Perhaps mount on card to fit a carte de visite album OR
- Perhaps fit into a cheap case, possibly with
Tintype cameras would normally hold a
stack of unprocessed tin plates inside the camera. They would
have a device such as a rubber sucker and moving arm to raise each of the
plates in turn to be exposed.
After exposure, the plate would be dropped through a slot in the base of
the camera into a tank that held chemicals for immediately processing the
image. The chemicals would be a high strength solution that would
develop and fix an image. This was designed so that the developer
would work faster than the fixer, and the image would be ready to washed
in about a minute.
The image would normally be reversed, left to right, but some cameras
included a mirror or prism that made the image appear 'right way round'.
Alternatively, the photographer could re-photograph his original tintype
photo in order to get an image right way round.
[Details in the first two paragraphs above
are based on an article by John Coathup in Photographica World, the
journal of the Photographic Collectors Club of Great Britain: No
125, 2008/3, pp.24-29]
The image of an ambrotype
would be either reversed (left to right) or 'normal' depending on how
the glass was mounted.
However, the image of a tintype would
always be reversed.
tintype process was widely used for portraiture, being the cheapest form
of portrait available. It was often used by travelling
photographers, including seaside photographs.
Some attractive tintypes in cases have been found, but typically, a
tintype photo was of poor quality, with a limited range of tones, the lighter tones
was sometimes used to whiten the image. This is about the
most deadly poison we know today.
tintype is likely to be small, perhaps 1.5 x 2.5 ins, or only 1 x 0.5
ins in the case of a gem tintype.
framed in a more basic case than is used for ambrotypes OR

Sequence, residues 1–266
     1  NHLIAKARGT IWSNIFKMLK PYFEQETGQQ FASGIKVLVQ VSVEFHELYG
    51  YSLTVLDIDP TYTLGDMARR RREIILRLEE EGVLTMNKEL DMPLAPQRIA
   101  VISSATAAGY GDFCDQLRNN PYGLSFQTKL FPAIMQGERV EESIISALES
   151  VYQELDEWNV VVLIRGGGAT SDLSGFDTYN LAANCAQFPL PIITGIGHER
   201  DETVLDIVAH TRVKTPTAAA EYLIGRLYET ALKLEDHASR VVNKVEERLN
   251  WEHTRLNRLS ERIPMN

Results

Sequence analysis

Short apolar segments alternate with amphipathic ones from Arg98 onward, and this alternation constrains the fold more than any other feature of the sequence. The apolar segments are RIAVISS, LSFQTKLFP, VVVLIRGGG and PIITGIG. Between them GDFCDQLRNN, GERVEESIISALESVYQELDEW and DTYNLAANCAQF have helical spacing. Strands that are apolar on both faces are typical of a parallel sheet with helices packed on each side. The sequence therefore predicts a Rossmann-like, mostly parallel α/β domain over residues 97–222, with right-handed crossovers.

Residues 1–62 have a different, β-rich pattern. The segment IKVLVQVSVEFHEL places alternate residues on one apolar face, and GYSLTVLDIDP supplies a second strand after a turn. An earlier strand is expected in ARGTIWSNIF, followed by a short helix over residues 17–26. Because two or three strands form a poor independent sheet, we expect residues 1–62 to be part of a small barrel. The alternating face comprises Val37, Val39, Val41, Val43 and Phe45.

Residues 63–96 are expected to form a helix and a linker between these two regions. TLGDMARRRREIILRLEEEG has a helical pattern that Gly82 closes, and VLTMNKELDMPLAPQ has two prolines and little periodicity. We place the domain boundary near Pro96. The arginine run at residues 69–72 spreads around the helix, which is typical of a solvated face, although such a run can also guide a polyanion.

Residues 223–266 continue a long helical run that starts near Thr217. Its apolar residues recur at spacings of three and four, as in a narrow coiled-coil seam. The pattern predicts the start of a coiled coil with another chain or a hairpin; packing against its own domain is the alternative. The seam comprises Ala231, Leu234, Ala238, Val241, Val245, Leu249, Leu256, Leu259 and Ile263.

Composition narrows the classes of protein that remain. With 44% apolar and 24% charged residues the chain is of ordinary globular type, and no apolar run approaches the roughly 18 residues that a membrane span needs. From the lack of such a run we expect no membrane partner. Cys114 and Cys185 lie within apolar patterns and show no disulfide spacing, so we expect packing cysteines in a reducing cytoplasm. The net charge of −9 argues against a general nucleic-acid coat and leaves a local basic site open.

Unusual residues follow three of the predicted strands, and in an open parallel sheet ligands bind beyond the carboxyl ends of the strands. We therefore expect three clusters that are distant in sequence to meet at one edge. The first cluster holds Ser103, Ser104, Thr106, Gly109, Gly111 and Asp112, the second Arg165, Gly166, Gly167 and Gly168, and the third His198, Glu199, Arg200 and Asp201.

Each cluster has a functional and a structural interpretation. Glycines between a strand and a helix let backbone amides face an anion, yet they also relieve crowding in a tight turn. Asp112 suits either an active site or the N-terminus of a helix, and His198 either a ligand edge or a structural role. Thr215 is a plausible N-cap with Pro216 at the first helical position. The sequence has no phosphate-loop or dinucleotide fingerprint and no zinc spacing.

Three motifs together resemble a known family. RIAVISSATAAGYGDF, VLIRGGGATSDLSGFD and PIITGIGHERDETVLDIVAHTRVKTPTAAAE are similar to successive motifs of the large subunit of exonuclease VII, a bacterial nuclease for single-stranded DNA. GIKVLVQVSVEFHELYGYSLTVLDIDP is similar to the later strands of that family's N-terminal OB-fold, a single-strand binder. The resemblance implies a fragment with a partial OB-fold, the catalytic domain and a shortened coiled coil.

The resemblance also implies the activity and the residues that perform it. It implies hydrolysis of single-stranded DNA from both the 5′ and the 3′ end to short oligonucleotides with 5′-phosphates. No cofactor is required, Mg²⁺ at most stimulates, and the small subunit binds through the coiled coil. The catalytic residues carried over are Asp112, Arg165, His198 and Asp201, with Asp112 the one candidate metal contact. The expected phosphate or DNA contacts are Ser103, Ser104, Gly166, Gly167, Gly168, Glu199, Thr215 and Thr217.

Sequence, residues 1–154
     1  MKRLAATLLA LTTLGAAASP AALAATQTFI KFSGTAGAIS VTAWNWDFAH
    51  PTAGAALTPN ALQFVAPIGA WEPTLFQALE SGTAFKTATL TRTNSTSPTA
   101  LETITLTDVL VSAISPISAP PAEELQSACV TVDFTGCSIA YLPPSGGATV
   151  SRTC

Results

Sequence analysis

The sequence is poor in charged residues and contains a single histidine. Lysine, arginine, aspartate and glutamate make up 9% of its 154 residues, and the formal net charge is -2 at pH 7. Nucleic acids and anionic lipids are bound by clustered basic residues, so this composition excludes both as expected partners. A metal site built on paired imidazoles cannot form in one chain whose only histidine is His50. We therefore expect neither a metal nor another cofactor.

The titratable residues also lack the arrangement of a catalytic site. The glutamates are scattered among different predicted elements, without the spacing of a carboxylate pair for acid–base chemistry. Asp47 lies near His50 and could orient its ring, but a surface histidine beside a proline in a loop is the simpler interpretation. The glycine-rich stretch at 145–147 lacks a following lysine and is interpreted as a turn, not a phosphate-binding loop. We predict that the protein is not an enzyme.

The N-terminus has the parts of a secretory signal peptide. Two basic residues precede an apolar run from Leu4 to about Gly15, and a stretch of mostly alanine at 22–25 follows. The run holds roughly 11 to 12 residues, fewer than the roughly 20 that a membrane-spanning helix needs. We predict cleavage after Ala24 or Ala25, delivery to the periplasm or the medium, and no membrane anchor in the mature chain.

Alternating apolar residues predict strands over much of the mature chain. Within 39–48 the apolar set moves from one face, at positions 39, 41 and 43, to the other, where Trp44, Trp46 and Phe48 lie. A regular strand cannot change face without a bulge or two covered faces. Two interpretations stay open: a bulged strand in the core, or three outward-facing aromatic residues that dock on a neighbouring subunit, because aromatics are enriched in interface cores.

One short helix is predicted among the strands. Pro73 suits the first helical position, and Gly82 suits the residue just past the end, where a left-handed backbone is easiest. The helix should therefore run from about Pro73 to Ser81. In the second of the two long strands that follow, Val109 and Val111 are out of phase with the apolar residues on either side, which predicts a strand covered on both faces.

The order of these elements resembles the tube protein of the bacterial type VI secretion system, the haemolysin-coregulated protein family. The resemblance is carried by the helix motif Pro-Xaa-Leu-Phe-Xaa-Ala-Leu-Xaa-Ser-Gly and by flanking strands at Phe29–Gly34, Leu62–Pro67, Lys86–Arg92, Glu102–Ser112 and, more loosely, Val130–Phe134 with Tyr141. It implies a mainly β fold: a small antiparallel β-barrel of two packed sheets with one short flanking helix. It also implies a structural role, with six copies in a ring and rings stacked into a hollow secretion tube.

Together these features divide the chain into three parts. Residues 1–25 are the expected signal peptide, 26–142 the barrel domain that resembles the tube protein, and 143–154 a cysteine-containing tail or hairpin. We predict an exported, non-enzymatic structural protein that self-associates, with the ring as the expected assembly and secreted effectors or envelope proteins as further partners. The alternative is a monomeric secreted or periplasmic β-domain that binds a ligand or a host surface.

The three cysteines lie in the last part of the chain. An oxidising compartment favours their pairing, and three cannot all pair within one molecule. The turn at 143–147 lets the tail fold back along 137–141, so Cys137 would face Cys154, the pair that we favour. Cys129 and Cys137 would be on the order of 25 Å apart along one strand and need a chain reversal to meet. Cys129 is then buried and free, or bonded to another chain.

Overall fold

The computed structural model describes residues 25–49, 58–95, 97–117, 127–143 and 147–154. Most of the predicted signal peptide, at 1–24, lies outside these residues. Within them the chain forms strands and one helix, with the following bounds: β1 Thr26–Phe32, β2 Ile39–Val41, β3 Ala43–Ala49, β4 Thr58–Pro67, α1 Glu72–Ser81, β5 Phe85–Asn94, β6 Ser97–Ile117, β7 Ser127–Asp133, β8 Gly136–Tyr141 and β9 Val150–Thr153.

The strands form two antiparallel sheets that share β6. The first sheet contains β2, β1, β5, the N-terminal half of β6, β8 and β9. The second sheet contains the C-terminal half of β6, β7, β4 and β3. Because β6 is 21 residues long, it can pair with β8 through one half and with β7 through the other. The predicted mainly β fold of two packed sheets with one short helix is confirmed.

mounted on a card, the same size as a carte de visite to
fit a Victorian photograph album OR
fitted into a locket
Tintypes at the Seaside
Tintype photographs were
often produced by beach photographers. Edinburgh is situated close
to Portobello, a popular seaside resort around 1900. Several
photographers had studios on the Promenade at Portobello,
but I have found no Portobello tintype photos.
Tintypes at the Empire Exhibition
However, I have a more
recent recent tintype portrait in a thin silver coloured frame
2 1/2 ins. x 3 ins, marked:
Photomatic TRADEMARK USA
Automatic Co. Ltd.
Exhibition - Scotland - 1938.
are two a Gem Portraits - a small tintype photo mounted behind a carte de
visite sized cardboard mount. The mount was often a pastel shade,
Both the gem portraits above have
been produced by studios at 75 Princes Street - at the foot of
Hanover Street opposite the Royal Scottish Academy Galleries.
Gem and Carte de
For further information on
Gem and Carte de Visite tintype photos, please see the
web site of Photo Historian, Marcel Safier, Holland Park,
This web site gives a brief
description of the tintype and its origin. It refers to tintype
albums and lists many studios producing tintypes in the UK, USA,
Australia and New Zealand.
Sources of information are given and
there are links to other relevant web sites.